According to this article, SpaceX and Elon Musk will attempt another countdown attempt sometime between the end of this month to the beginning of the next.
As I've said before - great! I hope they're successful.
On an equally important note: as some of you know, there is currently a planned gap between the retiring of NASA Space Shuttle flights and the start of NASA's successor vehicle, the Orion, of anywhere from 3 to 5 years (all depending on governmental funding). The Orion is designed similar to an Apollo capsule, but larger: it's meant to carry 4 crewmembers. The vehicle is boosted to orbit on a Solid Rocket Booster and External Tank designs based on Space Shuttle efforts.
When NASA is ready again for missions to the Moon, another follow-on vehicle (Ares V) will be used to lift lthe Altair Lunar Lander to orbit. Ares V is also designed around more SRBs and the Shuttle's External Tank. Orion and Ares V will rendezvous and dock with each other, and then go in tandem to the Moon. But before the Lunar missions can start, NASA will use Orion by itself to keep the crew on the Space Station.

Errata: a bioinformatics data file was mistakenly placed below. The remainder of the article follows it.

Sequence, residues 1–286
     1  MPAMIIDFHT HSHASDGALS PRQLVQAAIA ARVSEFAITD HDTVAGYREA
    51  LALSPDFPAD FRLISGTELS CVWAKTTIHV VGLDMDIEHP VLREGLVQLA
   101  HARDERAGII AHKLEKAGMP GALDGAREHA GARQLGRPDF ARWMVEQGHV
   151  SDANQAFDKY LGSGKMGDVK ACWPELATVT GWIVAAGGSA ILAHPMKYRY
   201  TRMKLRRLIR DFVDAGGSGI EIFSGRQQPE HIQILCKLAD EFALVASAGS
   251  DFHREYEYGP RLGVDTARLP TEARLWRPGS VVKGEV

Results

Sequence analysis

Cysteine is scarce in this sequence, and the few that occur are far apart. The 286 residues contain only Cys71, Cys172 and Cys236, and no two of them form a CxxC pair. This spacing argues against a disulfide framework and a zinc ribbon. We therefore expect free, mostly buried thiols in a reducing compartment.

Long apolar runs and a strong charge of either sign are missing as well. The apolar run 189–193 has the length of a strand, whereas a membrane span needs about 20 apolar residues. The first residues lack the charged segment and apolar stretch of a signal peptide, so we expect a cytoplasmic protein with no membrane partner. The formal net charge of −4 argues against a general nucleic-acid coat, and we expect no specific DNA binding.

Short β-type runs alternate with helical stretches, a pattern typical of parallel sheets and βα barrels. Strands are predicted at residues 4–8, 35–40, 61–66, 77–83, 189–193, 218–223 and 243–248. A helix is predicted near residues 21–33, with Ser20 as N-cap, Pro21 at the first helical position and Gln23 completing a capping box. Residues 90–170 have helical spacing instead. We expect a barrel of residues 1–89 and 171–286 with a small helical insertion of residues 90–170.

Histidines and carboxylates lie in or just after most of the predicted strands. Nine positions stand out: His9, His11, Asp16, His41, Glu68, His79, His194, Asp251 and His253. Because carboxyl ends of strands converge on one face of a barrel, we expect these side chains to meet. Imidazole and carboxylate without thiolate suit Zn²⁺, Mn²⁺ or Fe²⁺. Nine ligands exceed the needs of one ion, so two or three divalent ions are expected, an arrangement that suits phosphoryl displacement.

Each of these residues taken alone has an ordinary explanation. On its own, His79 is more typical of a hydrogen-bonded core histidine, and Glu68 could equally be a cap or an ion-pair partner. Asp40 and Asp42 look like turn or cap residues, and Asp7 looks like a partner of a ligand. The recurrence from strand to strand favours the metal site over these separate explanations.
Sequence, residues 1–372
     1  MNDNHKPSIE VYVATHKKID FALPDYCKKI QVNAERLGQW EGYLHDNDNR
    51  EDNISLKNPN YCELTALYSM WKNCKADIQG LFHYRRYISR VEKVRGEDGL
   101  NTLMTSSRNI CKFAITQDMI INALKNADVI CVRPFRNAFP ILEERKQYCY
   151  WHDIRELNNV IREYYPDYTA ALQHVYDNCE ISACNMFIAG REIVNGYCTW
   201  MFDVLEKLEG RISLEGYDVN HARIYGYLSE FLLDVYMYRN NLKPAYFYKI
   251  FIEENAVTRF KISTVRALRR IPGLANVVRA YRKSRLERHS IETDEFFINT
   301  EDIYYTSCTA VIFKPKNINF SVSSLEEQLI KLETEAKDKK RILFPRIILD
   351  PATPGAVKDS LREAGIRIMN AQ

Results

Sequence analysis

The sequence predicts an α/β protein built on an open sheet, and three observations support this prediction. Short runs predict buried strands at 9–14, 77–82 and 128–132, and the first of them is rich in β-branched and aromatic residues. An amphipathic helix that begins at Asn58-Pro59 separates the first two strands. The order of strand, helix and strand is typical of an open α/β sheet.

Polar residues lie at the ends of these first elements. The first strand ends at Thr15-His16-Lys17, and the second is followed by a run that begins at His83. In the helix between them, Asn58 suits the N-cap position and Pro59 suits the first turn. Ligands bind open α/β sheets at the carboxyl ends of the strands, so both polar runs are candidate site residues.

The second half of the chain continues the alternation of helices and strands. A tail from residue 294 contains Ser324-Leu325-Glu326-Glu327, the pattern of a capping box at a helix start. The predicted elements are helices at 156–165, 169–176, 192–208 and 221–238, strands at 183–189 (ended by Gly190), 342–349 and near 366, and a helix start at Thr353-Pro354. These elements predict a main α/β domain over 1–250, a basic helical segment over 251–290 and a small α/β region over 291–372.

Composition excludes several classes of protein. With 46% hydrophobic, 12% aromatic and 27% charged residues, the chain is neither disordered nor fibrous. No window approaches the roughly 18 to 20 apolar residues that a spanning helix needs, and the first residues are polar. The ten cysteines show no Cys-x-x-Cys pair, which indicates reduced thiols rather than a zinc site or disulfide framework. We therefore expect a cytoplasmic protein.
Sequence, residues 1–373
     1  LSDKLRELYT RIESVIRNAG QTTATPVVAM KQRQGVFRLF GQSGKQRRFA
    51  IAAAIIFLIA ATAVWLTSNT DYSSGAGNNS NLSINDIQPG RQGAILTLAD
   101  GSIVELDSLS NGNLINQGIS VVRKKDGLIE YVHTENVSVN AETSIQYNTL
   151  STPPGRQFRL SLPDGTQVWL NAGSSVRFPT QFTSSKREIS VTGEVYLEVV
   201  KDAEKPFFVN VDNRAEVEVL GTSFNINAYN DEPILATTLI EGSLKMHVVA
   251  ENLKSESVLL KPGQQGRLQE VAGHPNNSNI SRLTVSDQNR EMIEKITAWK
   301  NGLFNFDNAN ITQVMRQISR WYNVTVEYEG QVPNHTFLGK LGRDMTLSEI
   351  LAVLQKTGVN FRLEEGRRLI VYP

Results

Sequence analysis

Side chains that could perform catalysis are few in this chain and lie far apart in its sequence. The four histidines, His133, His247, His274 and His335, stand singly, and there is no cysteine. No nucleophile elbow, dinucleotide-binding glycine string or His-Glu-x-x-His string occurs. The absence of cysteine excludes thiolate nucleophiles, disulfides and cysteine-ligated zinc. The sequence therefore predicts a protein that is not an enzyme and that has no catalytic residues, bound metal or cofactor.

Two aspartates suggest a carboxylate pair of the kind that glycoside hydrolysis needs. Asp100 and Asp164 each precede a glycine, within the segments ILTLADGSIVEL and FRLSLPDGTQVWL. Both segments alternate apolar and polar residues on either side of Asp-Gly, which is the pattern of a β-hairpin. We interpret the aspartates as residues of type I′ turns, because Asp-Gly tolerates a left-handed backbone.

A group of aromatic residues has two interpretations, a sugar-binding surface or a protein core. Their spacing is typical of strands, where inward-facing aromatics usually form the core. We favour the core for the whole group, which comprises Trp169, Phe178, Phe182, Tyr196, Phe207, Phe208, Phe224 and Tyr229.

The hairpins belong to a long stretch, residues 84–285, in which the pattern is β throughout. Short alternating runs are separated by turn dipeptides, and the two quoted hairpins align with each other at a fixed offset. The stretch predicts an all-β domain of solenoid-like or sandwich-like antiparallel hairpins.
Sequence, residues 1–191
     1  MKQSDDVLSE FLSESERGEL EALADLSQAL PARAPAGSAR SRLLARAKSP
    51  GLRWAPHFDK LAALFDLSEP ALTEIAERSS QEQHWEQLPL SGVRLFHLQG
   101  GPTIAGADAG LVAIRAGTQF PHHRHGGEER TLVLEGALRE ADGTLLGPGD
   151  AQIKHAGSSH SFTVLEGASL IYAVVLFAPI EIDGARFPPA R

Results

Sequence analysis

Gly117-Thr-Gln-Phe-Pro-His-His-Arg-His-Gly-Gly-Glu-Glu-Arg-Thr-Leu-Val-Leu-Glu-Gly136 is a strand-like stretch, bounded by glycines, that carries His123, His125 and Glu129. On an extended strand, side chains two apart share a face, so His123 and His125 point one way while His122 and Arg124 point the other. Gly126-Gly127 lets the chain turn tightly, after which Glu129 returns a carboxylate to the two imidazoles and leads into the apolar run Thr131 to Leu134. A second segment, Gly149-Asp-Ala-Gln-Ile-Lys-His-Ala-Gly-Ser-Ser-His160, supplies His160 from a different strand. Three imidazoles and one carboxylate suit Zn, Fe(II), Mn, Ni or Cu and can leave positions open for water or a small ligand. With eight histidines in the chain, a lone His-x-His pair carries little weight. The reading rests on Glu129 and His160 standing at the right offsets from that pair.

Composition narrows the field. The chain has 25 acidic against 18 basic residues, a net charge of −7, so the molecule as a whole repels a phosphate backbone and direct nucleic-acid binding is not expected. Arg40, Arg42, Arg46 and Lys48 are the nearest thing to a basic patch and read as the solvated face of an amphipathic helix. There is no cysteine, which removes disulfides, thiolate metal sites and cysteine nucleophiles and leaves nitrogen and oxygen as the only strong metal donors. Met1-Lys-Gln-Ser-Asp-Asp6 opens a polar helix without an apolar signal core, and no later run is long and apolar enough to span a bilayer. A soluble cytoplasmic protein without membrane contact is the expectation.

But what to do about the Space Shuttle to Orion launch gap, and the need to have crews on the ISS in the meantime??? Currently, NASA is dependent on the Russian Soyuz vehicles to provide the "lifeboat" function needed on ISS. And there's an issue with the Soyuz vehicles - the last two vehicles used for returning the crew to Earth have undergone problematic "ballistic reentries",which expose the crew to much greater g loads then the nominal entry profile (as well as other potential risks). So, "staying the course" may have technical risks above and beyond Russian launch dependency.
Enter SpaceX and Elon Musk. They are currently building a vehicle under NASA's COTS program which will provide unmanned logistics support (propellant, food, water, etc) to ISS. However, the COTS program has a possibility of requesting a human-rated vehicle - which NASA is currently studying whether to do or not. To make things more interesting, SpaceX's CEO has already stated that he could "eliminate" the gap.
Now, I am not working with COTS in any way, so I have no true technical insight as to whether Musk's statement is a boast or a highly probable event. But what if he does show up with a workable, human-rated vehicle in 2011? What of all the design efforts into Orion - and why would NASA need it 4 years later?
It makes me wonder whether the $ being spent on Orion might be better programmed straight into Ares V.
P.S. - Here's a neat video of the proposed SpaceX/Dragon rendezvous and docking for ISS. Check it out!